Why am I bringing all this up now?  Because today, after 47 years at the Booksellers Association, most of them in the top job of CEO, Tim is retiring.  Yesterday evening a farewell reception was held for him at the atmospheric, also iconic, London Library.  The event was attended by 250 guests of Tim’s own choosing, from across both industries.  Remarkably, he presented each with a handwritten letter telling him or her why they were special to him.

Tim has campaigned on many other issues to make life happier and more prosperous for booksellers and publishers.  Latterly and most extensively, and in league with his counterparts across Europe, he has lobbied the EU and individual European governments to close the loophole that allows large online retailers to escape or greatly reduce payment of corporation tax.  More joyfully, in 2013 he spearheaded the enduring and highly successful Books Are My Bag initiative, which is now in its seventh year.  Academic Book Week eventually became one of the offshoots of this campaign.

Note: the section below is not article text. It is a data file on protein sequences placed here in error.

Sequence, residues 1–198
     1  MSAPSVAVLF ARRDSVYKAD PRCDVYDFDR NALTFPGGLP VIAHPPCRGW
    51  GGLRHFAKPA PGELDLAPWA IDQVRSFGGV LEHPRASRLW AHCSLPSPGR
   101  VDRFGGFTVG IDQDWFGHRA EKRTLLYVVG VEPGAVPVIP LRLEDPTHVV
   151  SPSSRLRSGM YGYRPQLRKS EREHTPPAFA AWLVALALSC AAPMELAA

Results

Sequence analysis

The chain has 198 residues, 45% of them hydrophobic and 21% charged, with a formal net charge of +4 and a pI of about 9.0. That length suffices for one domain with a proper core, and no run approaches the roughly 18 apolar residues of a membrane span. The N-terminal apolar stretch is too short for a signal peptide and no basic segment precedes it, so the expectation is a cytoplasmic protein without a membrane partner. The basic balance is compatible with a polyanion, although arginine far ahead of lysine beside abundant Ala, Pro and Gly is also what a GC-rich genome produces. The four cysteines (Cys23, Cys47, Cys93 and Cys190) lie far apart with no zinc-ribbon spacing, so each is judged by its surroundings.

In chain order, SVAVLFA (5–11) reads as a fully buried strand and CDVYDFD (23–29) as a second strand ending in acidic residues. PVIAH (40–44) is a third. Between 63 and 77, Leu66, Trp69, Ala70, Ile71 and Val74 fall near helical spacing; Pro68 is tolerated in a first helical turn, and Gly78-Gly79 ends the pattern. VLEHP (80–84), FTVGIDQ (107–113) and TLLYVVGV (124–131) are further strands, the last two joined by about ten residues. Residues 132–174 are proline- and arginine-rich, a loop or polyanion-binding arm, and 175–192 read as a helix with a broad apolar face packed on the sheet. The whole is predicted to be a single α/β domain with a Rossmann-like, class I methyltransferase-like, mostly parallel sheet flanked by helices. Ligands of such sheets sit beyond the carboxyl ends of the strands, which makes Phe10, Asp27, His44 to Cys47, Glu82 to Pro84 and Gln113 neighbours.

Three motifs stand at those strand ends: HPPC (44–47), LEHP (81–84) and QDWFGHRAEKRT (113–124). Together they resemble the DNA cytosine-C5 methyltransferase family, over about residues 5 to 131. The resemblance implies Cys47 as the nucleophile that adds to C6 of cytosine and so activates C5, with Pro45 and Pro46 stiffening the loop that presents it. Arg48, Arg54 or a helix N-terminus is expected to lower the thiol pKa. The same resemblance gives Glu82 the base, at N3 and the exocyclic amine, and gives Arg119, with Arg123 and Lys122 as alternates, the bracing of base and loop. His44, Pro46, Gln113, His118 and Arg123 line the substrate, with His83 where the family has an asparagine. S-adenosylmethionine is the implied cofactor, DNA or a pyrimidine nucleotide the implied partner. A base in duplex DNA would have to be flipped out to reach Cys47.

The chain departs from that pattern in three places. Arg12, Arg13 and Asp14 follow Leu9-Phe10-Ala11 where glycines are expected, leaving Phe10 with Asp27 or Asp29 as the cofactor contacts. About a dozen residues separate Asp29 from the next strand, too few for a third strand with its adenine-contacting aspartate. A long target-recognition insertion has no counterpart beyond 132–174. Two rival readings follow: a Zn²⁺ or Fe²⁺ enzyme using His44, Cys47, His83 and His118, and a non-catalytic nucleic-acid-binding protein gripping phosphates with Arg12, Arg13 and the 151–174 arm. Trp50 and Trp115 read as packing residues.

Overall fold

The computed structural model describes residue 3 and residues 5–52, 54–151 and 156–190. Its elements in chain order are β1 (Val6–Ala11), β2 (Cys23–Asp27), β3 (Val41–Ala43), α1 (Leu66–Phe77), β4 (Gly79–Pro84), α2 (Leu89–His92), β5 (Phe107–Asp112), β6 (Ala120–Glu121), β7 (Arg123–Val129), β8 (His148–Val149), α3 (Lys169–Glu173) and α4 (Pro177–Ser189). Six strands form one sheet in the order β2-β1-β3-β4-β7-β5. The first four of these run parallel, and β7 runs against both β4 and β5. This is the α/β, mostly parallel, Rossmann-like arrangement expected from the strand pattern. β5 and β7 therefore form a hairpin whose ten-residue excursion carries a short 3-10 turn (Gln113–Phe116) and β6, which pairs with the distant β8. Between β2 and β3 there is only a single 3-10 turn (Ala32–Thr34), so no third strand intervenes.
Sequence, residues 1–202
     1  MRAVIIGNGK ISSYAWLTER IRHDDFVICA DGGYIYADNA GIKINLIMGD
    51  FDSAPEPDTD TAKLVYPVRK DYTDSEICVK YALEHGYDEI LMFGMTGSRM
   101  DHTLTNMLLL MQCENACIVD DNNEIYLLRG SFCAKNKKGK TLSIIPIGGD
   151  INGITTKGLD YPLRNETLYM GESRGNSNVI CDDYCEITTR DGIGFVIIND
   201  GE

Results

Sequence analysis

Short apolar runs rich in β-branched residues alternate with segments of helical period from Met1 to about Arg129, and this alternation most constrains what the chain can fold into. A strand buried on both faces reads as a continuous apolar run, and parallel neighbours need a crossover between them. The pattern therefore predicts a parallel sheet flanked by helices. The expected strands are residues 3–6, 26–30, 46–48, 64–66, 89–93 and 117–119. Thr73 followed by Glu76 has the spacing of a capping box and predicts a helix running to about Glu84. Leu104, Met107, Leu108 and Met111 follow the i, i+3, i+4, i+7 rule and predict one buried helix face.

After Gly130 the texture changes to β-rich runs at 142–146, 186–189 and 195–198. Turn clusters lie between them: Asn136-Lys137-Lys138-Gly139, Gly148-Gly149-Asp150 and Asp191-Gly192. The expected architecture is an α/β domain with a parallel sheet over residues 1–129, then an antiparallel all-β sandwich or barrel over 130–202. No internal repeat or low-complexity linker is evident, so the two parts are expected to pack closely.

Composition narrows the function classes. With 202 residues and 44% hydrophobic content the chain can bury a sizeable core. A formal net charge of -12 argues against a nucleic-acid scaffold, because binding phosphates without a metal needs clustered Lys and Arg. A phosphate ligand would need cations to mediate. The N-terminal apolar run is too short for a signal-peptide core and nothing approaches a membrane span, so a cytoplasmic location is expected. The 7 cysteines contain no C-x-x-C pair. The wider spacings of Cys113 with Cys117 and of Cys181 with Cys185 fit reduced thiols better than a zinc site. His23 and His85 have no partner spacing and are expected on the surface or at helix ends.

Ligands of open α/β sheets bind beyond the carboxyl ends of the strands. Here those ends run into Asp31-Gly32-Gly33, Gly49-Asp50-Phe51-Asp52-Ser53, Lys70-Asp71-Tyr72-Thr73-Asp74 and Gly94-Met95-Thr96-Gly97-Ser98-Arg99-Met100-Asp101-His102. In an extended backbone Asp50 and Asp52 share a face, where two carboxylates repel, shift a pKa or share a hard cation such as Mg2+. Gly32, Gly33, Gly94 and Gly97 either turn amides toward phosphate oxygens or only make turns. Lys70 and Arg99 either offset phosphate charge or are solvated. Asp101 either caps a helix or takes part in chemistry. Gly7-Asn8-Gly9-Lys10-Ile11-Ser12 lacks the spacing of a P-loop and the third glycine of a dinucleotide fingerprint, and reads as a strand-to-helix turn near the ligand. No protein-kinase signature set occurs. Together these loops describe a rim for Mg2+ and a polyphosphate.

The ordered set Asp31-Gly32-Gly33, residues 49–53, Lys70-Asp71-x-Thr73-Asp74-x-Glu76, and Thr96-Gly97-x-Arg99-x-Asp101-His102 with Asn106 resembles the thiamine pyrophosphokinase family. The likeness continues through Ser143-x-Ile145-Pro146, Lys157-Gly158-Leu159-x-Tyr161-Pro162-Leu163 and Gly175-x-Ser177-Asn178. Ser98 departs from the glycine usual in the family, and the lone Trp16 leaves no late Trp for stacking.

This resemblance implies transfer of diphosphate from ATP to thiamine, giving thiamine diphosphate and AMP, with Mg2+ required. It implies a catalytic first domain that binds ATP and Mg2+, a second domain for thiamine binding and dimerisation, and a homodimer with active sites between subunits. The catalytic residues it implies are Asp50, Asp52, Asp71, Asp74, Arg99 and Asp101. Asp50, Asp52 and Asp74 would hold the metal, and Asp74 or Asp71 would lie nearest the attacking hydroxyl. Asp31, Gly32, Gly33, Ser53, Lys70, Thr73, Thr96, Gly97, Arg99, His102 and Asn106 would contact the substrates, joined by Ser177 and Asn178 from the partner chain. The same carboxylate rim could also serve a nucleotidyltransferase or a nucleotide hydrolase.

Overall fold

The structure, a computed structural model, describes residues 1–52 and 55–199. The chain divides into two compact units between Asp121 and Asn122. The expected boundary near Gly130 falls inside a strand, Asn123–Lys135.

In many ways, Tim will be irreplaceable: he has combined tireless hard work with a fine brain, ready wit, genuine sympathy and unfailing patience when listening to others.  For those of us who have known him a long time, it has been a comfort just to know he is there.  He will leave a large hole in the fabric of our universe.  Yesterday evening, however, he hinted that he may come back – at least in a part-time capacity – in another guise.  I’m sure we all hope so.  Vale atque Ave, Tim!

Academic Publishing, Digital Publishing, Libraries

How to make your publications more discoverable: tips from Lone Ramy Katberg, Special Adviser to Aalborg University Library and the Royal Danish Library

In today’s academic library world, there are scores if not hundreds of companies offering every possible kind of solution for cataloguing, displaying and making the library’s holdings discoverable.  However, some of these are very expensive; and, as Lone Ramy Katberg, Special Adviser to Aalborg University Library and the Royal Danish Library points out, few will work unless publishers prepare carefully first.  Here are some tips from Lone on how to make publications more discoverable.  They are even more pertinent this week, which is Open Access Week.

Be distinctive